After the course, those who want to continue and develop their mindfulness and meditation further can join an ongoing weekly group or the CU Mindfulness Society or a range of other groups.
Courses for students
I will be running one or two introductory courses this Lent Term, one on Tuesdays 5.30pm - 6.45pm from 24 January - 14 March and if there’s enough demand, one on Thursdays at 5.30pm from 9 February - 16 March, 27 April and 4 May. If you would like to come, please contact me at firstname.lastname@example.org, telling me:
- why you’re interested
- if you have any mental health issues you think I should know about
- that you commit yourself to attending at least 6 of the 8 sessions and to practising meditation every day as far as you are able to.
Please also contact me if you have any questions.
If you have already done a course with me and would like to continue, also get in touch.
A body scan meditation: good for mindfulness in general, and especially insomnia: www.archive.org/details/MCullenBodyScanMeditation; and there are longer and shorter versions of a body scan on the mp3 link from http://8weekmindfulness.com.
Other versions of the three-minute breathing space: http://franticworld.com/free-meditations-from-mindfulness/ and on the mp3 link from http://8weekmindfulness.com.
Mindfulness of sounds and thoughts: http://franticworld.com/free-meditations-from-mindfulness/ and on the mp3 link from http://8weekmindfulness.com.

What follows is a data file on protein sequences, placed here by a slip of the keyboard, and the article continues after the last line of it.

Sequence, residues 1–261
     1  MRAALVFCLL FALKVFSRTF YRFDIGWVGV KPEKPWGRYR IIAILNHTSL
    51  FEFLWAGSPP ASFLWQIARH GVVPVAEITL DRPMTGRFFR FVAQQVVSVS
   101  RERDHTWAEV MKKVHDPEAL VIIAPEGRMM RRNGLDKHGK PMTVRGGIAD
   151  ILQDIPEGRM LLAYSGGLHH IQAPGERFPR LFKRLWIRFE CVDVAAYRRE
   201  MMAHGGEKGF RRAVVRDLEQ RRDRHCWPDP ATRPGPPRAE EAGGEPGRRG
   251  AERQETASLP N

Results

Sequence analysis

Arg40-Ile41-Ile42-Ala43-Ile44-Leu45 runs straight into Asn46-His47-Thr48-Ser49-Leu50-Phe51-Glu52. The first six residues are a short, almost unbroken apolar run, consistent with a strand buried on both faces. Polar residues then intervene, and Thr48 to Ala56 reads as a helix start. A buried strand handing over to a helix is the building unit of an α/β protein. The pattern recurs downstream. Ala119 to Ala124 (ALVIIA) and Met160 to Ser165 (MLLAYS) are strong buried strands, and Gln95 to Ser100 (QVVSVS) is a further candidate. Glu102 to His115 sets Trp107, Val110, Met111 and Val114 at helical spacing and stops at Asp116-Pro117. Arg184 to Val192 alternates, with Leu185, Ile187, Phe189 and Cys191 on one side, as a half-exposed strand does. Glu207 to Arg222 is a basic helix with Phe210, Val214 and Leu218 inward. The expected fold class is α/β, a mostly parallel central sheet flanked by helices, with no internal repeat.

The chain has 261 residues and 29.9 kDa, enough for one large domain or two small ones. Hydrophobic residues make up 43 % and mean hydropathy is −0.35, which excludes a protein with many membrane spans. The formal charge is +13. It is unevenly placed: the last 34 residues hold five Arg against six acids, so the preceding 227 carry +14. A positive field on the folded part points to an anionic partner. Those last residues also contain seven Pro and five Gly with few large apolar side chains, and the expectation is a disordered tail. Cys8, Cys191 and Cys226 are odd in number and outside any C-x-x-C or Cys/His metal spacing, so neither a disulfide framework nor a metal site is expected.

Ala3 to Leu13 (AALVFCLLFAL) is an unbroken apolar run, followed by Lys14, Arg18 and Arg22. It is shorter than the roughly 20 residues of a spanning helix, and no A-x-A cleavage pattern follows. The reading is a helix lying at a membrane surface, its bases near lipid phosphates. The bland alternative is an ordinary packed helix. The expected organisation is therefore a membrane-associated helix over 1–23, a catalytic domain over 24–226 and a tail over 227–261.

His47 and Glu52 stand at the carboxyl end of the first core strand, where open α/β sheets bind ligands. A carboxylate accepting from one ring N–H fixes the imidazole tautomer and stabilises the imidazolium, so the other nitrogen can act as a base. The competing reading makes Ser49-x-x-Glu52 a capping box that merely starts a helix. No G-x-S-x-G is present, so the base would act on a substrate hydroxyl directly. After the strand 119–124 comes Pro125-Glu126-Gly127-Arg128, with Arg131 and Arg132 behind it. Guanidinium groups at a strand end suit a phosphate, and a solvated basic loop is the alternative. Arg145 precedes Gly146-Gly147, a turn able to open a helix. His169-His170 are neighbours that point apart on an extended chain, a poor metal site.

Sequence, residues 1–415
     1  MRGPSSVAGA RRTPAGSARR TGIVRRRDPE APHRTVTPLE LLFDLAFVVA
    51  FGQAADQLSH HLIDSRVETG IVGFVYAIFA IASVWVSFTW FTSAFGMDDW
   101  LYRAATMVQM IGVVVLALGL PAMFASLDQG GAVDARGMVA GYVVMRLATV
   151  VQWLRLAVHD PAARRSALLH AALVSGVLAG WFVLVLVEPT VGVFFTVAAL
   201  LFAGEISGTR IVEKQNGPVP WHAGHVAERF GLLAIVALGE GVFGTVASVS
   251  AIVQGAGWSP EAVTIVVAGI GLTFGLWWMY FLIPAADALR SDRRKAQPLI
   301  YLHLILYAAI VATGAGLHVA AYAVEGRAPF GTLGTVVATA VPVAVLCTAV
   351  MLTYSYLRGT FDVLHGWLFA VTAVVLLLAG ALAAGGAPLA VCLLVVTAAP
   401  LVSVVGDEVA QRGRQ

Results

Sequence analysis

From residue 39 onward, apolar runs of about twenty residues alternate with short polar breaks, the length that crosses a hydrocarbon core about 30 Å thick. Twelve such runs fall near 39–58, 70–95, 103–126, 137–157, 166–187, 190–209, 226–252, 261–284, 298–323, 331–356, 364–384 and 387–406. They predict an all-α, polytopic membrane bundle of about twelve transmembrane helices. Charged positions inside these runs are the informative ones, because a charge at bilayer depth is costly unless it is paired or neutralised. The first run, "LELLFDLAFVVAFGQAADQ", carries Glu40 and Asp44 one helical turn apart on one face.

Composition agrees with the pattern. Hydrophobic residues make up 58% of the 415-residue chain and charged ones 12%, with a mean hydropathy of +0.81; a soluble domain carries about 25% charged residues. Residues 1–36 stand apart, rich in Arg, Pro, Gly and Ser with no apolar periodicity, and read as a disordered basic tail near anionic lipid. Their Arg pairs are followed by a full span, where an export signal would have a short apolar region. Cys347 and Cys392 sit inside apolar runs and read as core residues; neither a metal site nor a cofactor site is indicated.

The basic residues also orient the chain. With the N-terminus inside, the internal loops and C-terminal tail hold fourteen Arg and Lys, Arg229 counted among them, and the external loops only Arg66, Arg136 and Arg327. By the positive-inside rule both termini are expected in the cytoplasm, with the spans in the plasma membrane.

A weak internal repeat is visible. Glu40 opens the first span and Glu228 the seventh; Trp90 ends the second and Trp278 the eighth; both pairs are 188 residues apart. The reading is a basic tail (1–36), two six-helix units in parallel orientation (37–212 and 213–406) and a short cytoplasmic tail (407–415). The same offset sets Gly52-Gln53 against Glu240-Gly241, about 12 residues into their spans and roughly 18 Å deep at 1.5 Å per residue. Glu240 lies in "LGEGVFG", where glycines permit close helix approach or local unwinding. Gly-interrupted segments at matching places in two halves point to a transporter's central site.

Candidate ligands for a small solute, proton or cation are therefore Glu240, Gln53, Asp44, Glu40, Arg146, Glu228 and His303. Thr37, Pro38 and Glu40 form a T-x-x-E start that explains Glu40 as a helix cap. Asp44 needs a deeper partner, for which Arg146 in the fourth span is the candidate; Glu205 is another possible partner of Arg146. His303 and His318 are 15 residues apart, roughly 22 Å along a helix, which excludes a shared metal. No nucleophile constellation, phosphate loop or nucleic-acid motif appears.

A very quick and easy set of mindfulness practices: www.mindincambs.org.uk/Docs/ThinkRight/Mindfulness.pdf.
If you want a very full DIY course that you can work through at your own pace, I'd strongly recommend Mindfulness: a practical guide to finding peace in a frantic world by Mark Williams and Danny Penman (Piatkus, 2011), which includes a CD of guided meditations. It's also in Clare library. You can find some of the meditations from the CD at www.franticworld.com/free-meditations-from-mindfulness/
Another good eight-week DIY course is Mindfulness in eight weeks by Michael Chaskalson (Harper Thorsons, 2014). http://8weekmindfulness.com has a link to the complete set of guided meditations from the book.
Disclaimer: These resources offer only a taste of mindfulness and meditation. The experience of most people is that the support of a meditation/mindfulness teacher and membership of a group is of enormous benefit in furthering the development of their skills and understanding.
Mindfulness aids for the computer
Computer breaks: these are freely downloadable programmes which regularly remind you to take a break from the computer, good for both body and mind:
Meditation bell (for adding into a computer break)
Programmes to help you control your internet use:
General: StayFocusd on Google Chrome
If you have any questions about any of the above or about mindfulness and meditation please feel free to contact me: Rachael Harris at email@example.com